10 January 2019
New law comes into effect on Monday 14 January 2019
The Trade Mark Regulations 2018 will take effect on 14 January 2019, bringing the European Union's Trade Mark Directive of 2015 into UK law.
The regulations will introduce a number of changes relating to applications and management of trade marks, prosecution rules and procedures. Perhaps the most notable is the change to the definition and the scope of what can be registered as a trade mark.
Graphical representation no longer required
The new regulation amends the definition of a trade mark to remove the requirement that a sign must be capable of being represented graphically.
This allows for easier registration of non-traditional marks, such as smells, sounds and movement, and online filing in a range of electronic formats such as MP3 and MP4 files.
Note that this does not apply to the international Madrid system marks - they will continue to require graphical representation.
Changes to searching procedures
Under the new trade mark rules, the Intellectual Property Office (IPO) will no longer inform applicants if there is a recently expired trade mark that potentially conflicts with a new one.
Instead, they suggest that applicants carry out their own trade mark search prior to applying to determine if their mark is likely to conflict with another, as expired marks can be renewed or restored up to 12 months after their renewal date. See how to search for trade marks.
Under the new rules, a wider range of counterfeiting activities will be considered infringing. Trade mark owners will now be able to take action against traders that:
- use someone else's trade mark as their own trade or company name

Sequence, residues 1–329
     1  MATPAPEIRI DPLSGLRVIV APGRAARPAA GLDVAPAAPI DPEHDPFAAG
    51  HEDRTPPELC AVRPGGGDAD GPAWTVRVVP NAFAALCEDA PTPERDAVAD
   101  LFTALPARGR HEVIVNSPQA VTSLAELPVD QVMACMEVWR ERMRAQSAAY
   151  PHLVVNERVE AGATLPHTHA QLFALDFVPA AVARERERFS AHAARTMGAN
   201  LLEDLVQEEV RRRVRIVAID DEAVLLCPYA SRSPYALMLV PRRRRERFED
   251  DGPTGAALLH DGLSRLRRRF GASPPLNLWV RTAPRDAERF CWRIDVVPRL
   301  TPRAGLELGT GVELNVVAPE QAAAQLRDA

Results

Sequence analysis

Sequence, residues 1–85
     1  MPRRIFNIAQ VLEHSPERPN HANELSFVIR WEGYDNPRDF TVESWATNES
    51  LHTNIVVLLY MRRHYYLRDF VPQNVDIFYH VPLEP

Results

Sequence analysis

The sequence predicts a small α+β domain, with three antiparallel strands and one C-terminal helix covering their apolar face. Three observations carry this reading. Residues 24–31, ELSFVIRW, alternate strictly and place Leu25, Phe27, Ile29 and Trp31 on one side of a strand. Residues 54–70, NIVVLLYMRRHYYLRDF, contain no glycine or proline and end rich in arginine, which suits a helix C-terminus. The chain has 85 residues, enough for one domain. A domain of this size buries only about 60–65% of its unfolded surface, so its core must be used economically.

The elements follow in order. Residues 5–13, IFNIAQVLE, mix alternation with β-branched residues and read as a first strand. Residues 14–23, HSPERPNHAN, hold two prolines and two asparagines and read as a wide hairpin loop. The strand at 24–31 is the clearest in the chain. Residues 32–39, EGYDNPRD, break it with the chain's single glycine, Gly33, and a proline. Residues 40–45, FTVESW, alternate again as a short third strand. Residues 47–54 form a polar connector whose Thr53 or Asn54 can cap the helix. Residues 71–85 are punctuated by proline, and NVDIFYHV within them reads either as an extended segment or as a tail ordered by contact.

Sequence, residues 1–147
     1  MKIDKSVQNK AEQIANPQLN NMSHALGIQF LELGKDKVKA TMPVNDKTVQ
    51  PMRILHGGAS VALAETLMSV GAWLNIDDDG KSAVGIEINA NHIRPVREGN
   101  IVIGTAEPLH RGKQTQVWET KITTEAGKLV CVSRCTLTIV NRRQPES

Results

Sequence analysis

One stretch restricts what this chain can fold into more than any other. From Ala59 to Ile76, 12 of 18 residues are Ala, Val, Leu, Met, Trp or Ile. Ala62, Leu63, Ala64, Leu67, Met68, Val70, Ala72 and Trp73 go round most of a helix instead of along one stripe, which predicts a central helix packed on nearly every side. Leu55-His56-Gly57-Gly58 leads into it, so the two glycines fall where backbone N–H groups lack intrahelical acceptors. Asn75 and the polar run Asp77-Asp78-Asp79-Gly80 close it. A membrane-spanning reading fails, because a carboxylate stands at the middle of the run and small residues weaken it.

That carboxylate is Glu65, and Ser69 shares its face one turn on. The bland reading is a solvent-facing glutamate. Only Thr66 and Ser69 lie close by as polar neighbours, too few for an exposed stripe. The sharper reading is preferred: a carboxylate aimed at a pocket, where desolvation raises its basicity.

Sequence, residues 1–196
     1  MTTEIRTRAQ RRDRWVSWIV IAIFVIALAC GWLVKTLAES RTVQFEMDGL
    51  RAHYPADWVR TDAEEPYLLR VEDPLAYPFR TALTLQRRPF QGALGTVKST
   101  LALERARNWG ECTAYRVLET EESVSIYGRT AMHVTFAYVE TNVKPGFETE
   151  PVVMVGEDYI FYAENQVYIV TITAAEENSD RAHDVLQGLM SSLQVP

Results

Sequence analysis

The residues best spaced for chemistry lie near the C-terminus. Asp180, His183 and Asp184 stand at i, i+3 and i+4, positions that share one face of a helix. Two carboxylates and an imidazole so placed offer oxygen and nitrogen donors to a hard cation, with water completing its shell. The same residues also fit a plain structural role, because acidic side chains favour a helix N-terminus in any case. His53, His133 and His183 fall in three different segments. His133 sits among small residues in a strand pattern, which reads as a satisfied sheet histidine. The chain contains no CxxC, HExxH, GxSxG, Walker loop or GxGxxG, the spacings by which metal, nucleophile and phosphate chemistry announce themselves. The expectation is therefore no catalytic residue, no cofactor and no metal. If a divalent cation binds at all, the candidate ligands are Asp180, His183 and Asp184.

- engage in the production of counterfeit goods - ie traders that carry out preparatory acts such as affixing a trade mark to packaging, labels, tags of fake goods, or stock, import, export, offer or place such items on the market
In addition, where potentially infringing goods from outside the EU customs territory are passing through the UK, customs authorities will be able to detain goods and the importer will now need to prove that the trade mark owner is not entitled to stop them being marketed in the country of destination.
Other changes to trade mark law
The regulations change a whole raft of other provisions, including those relating to:
- the ability to divide trade mark registrations, not just applications
- the grounds for refusal of trade mark registration
- the extension of renewal reminder period to six months
- the restoration of a lapsed mark
- the ownership of collective trade marks
- the rights of trade mark licensees' in cases of infringement
- infringement and invalidation proceedings
The IPO published detailed guidance on these and other changes arising from the Trade Mark Regulations 2018.